Dark Chocolate, Milk Chocolate, White Chocolate

It's that time of year when we all start talking about chocolate – I mean love. (Aren't they similar anyway?) When you walk the aisles, there are hundreds of options in the chocolate category. Today we are going to look at the big three: dark, milk, and white chocolate. Let's dig into the differences between them.

All chocolate starts its journey at the cacao tree. Fruit pods harvested from the tree are separated, leaving cocoa beans behind. The beans are fermented to develop flavors, then dried and roasted. Next, cocoa beans are cracked and, through a process called winnowing, the shells are removed leaving behind cocoa nibs.

Cocoa nibs are ground into a paste called chocolate liquor which contains both the cocoa butter and cocoa solids. Cocoa butter is what gives chocolate that smooth, creamy texture. Cocoa solids, sometimes called cocoa powder or just cocoa, are rich in flavanols — antioxidants tied to health benefits including improved heart and brain function.

White, milk, and dark chocolate are differentiated by the combinations of cocoa solids, cocoa butter, sugar, milk, and other ingredients that chocolate makers use.

    White chocolate:
  • Contains no cocoa solids (leading some to claim it is not technically chocolate)
  • Is made from cocoa butter, sugar, and milk or milk powder and soy lecithin, an emulsifier
  • Must contain a minimum of 20% cocoa butter, a minimum of 14% of total milk solids, a minimum of 3.5% milkfat, and a maximum of 55% nutritive carbohydrate sweeteners, according to FDA guidelines.

    Milk chocolate:
  • Contains cocoa solids, cocoa butter, sugar, and milk or milk powder and soy lecithin
  • Must be at least 10% chocolate liquor and 12% milk to be classified milk chocolate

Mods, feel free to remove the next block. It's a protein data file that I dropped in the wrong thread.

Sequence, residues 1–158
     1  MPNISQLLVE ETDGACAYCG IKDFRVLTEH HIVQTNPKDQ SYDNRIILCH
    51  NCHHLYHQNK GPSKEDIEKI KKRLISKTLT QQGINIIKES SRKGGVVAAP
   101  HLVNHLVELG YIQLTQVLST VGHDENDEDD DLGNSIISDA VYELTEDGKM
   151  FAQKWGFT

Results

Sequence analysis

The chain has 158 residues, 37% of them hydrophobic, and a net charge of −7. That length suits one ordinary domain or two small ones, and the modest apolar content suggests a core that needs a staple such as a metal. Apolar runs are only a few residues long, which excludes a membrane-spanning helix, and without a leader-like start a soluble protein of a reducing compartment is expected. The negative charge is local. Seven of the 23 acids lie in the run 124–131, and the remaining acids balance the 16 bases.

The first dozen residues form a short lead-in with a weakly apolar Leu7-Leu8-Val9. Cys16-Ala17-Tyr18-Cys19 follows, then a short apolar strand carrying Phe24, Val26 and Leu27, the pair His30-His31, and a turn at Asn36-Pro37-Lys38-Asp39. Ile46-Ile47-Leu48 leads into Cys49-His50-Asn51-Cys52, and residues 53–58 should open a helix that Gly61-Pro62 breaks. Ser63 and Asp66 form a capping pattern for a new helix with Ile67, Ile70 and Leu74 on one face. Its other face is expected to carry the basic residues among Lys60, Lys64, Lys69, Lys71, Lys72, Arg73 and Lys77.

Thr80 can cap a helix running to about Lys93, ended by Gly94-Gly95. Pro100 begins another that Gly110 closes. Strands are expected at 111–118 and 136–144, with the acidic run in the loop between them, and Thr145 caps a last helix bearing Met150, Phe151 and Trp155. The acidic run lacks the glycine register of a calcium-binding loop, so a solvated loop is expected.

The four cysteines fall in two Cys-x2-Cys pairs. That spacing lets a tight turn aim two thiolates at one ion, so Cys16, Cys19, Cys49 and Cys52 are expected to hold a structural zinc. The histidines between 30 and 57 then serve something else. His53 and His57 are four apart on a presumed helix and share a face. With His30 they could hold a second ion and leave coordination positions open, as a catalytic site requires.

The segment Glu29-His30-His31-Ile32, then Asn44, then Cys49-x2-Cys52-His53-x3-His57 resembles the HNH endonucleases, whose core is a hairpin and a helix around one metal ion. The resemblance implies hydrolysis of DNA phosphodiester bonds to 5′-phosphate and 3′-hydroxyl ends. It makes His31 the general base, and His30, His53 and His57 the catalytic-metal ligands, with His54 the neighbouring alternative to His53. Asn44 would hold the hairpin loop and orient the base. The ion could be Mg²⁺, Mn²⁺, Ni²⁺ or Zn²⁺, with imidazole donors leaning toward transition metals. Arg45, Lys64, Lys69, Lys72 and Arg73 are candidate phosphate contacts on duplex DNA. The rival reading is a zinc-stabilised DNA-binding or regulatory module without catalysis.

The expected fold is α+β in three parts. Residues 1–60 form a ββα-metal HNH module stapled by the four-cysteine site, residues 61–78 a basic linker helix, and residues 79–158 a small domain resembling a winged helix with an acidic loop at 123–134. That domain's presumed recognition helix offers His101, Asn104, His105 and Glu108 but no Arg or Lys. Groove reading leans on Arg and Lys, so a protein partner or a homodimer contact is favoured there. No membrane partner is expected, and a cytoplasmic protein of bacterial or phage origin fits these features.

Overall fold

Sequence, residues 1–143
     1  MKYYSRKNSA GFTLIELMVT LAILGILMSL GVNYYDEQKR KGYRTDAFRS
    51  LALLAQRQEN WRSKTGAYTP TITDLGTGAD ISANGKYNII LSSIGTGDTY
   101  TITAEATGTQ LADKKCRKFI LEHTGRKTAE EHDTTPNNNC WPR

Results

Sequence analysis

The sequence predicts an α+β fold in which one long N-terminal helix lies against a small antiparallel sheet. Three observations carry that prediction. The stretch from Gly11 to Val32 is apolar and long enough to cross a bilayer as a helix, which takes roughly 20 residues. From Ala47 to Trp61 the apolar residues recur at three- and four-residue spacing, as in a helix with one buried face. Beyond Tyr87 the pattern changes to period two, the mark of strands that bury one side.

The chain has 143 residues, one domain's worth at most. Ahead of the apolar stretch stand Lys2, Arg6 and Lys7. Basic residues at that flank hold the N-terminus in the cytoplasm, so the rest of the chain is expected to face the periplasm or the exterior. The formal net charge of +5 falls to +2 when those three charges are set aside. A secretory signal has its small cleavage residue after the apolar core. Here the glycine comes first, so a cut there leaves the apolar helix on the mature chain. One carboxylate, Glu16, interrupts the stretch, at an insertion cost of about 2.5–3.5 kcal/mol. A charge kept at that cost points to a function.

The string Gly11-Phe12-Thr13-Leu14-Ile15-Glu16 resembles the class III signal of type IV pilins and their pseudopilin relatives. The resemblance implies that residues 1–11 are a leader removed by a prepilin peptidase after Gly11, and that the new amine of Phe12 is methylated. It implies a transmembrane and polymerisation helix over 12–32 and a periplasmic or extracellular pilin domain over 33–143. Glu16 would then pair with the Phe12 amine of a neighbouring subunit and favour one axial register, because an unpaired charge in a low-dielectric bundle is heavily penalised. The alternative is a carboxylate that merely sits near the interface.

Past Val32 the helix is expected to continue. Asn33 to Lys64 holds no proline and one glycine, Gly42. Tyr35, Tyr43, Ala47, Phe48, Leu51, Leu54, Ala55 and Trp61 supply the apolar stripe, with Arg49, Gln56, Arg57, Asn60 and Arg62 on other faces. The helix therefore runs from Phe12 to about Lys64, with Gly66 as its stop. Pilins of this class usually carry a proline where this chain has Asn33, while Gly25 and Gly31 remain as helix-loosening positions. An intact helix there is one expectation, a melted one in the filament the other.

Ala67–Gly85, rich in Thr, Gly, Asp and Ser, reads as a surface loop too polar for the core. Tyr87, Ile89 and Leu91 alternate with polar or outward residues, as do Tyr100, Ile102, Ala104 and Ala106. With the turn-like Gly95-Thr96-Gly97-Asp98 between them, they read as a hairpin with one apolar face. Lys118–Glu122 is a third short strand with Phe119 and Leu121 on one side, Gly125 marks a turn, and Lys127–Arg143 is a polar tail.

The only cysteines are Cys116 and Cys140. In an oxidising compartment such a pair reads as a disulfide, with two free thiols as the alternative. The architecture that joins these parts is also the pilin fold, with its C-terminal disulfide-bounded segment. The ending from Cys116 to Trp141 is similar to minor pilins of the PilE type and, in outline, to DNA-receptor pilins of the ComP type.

• Has a creamy, smooth mouthfeel – tastes sweet and is less bitter than dark chocolate

    Dark chocolate:
  • Contains cocoa solids, cocoa butter, sugar (usually), and soy lecithin
  • Is notably lower in sugar than both milk and white
  • Has little to no milk/milk powder added
  • Contains more cocoa solids and therefore more beneficial flavanols
  • Is more bitter in flavor than milk or white chocolate
  • May also be “semisweet” or “bittersweet” chocolate, as long as it contains no less than 35% chocolate liquor
  • The higher the % of cocoa on the package, the more cocoa in the chocolate

Of course there are many variations of chocolate within these guidelines that lead to the different variety of flavors of white, milk, and dark chocolate on the market.

When it comes to health, we have all heard that chocolate can be good for us. Any antioxidant benefit of chocolate comes from the cocoa solids and their flavanol content. This means that dark chocolate, with higher amounts of cocoa solids, generally has greater health benefit. If you want the greatest antioxidant benefit, look for dark chocolates with a higher percent of cocoa on the label.

If dark chocolate isn’t your thing, that’s okay – there are plenty of other foods that provide antioxidants (fruits and veggies are a great example!). Any chocolate type can certainly fit into a healthy diet. As with all sweets, be mindful of portions and focus on a balanced overall eating.

Any Chocolate type can certainly fit into a healthy diet. As with all sweets, be mindful of portions and focus on balance eating.